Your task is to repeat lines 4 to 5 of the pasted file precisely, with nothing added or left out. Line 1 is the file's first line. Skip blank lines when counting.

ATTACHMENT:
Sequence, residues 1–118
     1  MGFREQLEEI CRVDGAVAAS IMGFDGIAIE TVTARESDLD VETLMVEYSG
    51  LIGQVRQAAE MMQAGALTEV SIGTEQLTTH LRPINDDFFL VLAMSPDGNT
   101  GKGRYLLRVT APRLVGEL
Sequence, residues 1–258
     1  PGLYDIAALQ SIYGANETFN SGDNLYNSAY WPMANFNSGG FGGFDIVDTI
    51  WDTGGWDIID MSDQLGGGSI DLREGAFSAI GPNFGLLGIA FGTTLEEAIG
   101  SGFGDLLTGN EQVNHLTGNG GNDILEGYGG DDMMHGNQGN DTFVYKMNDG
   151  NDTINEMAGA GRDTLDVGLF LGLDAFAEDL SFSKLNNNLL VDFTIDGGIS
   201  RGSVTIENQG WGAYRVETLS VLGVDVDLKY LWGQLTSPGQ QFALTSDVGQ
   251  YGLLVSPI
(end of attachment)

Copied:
   101  GKGRYLLRVT APRLVGEL
Sequence, residues 1–258